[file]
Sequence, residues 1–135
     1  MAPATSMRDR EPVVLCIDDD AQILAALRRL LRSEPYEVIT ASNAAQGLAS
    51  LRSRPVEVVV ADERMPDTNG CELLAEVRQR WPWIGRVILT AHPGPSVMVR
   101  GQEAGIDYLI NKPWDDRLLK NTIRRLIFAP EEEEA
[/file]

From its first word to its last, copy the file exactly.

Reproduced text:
Sequence, residues 1–135
     1  MAPATSMRDR EPVVLCIDDD AQILAALRRL LRSEPYEVIT ASNAAQGLAS
    51  LRSRPVEVVV ADERMPDTNG CELLAEVRQR WPWIGRVILT AHPGPSVMVR
   101  GQEAGIDYLI NKPWDDRLLK NTIRRLIFAP EEEEA